THE EARLY DAYS
I’ll never forget the lovely night nurse who took care of me when Jack was born. Her name was Elizabeth. I called her Saint Elizabeth.
Saint Elizabeth offered a big smile and kind words of encouragement every time I saw her. “You’ve got an eater on your hands!” she beamed one night as she rolled Jack in my room from the nursery.
I smiled back weakly, wondering how I was going to care for my newborn without her.
HOME FROM THE HOSPITAL
When we got home, my husband and I soon realized that while Jack was utterly adorable, he also was an around-the-clock eater and an insomniac. We tried everything to help him sleep. We swaddled him loosely, tightly, and in between. Put him in a bassinet, a crib, our bed, an infant sleeper, and a swing. Laid him in every possible sleep position – back, tummy, side, and tilted. All to no avail. Our beautiful boy wailed any time he left our arms.
After weeks of alternating two hour shifts each night, we called our pediatrician.
“He’s a big baby and has gained back all his birth weight (9 lb., 2 oz.) and then some,” she said reassuringly, “so he should start sleeping soon.”
But he didn’t.
A few weeks later, haggard and worried, I brought Jack to the doctor’s office. I knew in my heart something was preventing him from sleeping, and, after some tests, Jack was diagnosed with acid reflux. It was then we realized Jack was nursing around the clock not only for nourishment, but also to soothe his inflamed throat, which was raw from stomach acid. We immediately began a regimen of different medications until one finally eased his discomfort.
But he still wouldn’t sleep.
When Jack was 6-months-old and strong enough to stand in a Johnny-Jump-Up, we discovered he loved to bounce himself to sleep. At first we tried to be “good parents” and carried him to bed after he had fallen asleep, but, inevitably, he woke up every time. When he was a year old, we tossed out our parenting books and let him bounce and sleep in his jump up, and, for the first time in a year, we all slept.
EFFECTS OF EXHAUSTION
As Jack grew older and outgrew his Johnny-Jump-Up, though, his sleep troubles returned. At 2 1/2 years old he began banging his head and hurling his body on his bed for hours, exhausted, wailing, desperately trying to fall asleep only to wake from nightmares so intense that he would scream for hours throughout the night once he had.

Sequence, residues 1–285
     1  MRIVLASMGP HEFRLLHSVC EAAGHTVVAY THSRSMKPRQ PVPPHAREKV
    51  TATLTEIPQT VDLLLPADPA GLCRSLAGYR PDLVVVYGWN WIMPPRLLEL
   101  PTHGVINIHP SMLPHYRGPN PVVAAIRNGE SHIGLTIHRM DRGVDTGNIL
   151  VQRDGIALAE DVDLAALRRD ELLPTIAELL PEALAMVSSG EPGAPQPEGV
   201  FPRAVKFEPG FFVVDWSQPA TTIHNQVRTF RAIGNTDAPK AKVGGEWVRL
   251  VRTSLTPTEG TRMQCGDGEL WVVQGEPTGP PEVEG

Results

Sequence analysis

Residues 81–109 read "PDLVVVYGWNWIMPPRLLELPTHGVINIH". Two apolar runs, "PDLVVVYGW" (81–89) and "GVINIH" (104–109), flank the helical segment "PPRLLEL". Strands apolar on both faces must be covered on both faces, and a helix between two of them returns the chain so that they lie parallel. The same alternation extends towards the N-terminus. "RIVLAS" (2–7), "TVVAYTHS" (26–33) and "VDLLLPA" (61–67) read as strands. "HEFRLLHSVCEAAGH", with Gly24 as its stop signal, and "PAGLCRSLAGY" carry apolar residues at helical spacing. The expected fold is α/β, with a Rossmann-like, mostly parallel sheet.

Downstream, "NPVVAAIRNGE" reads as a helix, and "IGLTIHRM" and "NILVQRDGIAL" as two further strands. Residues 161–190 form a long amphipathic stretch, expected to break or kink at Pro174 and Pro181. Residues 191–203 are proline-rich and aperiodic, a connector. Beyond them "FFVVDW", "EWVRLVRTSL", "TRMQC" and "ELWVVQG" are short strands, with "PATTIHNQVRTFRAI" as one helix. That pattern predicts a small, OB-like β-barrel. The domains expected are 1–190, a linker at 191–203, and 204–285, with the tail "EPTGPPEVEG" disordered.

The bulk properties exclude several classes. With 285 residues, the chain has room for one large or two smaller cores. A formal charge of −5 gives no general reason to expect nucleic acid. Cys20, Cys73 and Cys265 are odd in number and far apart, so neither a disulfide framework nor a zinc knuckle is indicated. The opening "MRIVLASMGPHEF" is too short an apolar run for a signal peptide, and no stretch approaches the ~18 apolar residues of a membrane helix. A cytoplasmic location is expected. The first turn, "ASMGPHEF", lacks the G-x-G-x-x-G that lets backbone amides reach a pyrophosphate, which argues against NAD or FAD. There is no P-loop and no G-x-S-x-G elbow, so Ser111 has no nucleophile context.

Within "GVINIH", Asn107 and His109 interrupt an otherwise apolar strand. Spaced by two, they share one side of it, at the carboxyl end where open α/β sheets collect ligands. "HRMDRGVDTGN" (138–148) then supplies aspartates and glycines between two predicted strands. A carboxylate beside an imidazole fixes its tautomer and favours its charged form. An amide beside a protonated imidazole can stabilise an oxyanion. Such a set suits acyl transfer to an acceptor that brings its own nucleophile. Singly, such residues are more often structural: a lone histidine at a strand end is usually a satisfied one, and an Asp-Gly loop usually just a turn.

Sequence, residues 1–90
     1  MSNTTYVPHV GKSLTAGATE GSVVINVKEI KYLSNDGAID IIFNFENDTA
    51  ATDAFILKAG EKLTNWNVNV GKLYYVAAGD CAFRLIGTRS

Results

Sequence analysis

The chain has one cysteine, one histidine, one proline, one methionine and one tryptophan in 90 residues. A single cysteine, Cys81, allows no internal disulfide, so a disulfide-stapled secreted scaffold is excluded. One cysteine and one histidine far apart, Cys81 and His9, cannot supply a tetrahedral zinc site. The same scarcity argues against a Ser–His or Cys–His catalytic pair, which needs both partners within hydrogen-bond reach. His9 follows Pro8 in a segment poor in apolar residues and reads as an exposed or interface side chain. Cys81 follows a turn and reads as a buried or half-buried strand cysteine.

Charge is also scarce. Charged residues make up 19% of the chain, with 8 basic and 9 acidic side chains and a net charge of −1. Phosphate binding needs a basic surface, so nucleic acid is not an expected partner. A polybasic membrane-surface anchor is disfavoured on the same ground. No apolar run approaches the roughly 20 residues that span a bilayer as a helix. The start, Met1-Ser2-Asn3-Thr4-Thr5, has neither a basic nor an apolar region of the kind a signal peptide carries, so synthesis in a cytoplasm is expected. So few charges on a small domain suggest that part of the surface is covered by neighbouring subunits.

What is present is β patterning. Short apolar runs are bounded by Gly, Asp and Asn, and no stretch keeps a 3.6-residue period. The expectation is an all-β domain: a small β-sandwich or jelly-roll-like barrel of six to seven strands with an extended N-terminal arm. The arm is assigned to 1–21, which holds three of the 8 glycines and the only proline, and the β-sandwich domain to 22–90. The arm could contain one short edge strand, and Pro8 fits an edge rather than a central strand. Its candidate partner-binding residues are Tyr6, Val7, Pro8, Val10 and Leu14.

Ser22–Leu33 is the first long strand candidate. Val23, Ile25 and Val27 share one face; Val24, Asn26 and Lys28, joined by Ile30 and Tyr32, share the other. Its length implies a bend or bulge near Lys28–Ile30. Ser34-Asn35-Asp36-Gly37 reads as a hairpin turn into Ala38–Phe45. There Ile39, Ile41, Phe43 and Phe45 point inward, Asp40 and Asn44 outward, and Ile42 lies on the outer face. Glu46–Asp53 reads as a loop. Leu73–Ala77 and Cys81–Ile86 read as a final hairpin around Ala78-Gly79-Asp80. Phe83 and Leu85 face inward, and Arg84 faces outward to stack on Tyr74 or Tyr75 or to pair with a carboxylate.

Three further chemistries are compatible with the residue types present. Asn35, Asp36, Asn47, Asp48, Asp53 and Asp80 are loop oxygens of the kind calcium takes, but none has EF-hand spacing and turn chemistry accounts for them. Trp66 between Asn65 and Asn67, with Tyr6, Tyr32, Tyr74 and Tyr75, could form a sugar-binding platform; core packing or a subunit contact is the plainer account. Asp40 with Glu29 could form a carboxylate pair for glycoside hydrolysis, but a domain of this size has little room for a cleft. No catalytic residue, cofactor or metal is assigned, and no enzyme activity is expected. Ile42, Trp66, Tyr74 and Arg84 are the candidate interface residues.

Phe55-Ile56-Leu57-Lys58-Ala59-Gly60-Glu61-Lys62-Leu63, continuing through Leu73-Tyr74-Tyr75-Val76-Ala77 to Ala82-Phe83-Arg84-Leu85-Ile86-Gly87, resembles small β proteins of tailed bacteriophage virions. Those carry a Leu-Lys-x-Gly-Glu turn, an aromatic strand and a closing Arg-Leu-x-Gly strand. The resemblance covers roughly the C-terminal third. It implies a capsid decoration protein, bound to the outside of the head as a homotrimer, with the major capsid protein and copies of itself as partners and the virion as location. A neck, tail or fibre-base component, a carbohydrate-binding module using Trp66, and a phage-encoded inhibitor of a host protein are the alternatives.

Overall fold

My heart was in pieces.
One night in February of this year, I woke up with Jack to console him from a nightmare and began carrying him downstairs so his cries wouldn’t wake Kristen, but I lost my footing, slipped, and fell. I clung to Jack, desperately trying to protect him from the fall as the back of my head hit half a dozen steps. I managed to get Jack safely down the stairs and to a couch, before I went into our kitchen to grab some Advil, blacked out, and woke up on the cold tile floor. Jeff was traveling for work at the time, so my mother came over at 2:00am to care for the children as I was rushed to the hospital in an ambulance with a concussion.
Even though I walk through the valley of deep darkness, I fear no evil, for You are with me. (Psalm 23:4)
This chapter of our family’s story was difficult to write as so much of it still feels raw and real. My restless heart needed to release this, though. And I’m thankful to take a step closer to the Peace I so desperately seek. Sometimes we have to uncover the pain that lingers in the dark, so something beautiful may rise and grow in the Light.
We hope you will join us as we continue to explore and uncover the fruits and labors of sleeplessness. We invite and encourage you to share your own stories throughout this series in the comments, via facebook, or email.
You are such a gift. We continue to be blessed by you each and every day. God’s Peace to you and yours, dear friends.
MORE OF THIS SERIES
Want to read more posts from the Sleepless Series? Click on the links below!